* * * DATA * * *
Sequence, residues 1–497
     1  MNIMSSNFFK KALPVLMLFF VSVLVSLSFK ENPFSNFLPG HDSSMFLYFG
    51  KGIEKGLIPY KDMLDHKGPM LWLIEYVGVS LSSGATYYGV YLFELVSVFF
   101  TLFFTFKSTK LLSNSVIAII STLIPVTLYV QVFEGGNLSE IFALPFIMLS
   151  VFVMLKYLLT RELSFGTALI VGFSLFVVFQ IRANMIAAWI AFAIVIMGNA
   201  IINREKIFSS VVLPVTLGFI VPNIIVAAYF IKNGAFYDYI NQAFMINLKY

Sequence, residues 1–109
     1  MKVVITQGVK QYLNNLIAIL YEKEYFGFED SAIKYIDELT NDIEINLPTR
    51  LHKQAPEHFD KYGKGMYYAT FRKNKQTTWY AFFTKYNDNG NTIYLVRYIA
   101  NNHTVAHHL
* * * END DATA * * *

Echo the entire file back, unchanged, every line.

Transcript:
Sequence, residues 1–497
     1  MNIMSSNFFK KALPVLMLFF VSVLVSLSFK ENPFSNFLPG HDSSMFLYFG
    51  KGIEKGLIPY KDMLDHKGPM LWLIEYVGVS LSSGATYYGV YLFELVSVFF
   101  TLFFTFKSTK LLSNSVIAII STLIPVTLYV QVFEGGNLSE IFALPFIMLS
   151  VFVMLKYLLT RELSFGTALI VGFSLFVVFQ IRANMIAAWI AFAIVIMGNA
   201  IINREKIFSS VVLPVTLGFI VPNIIVAAYF IKNGAFYDYI NQAFMINLKY

Sequence, residues 1–109
     1  MKVVITQGVK QYLNNLIAIL YEKEYFGFED SAIKYIDELT NDIEINLPTR
    51  LHKQAPEHFD KYGKGMYYAT FRKNKQTTWY AFFTKYNDNG NTIYLVRYIA
   101  NNHTVAHHL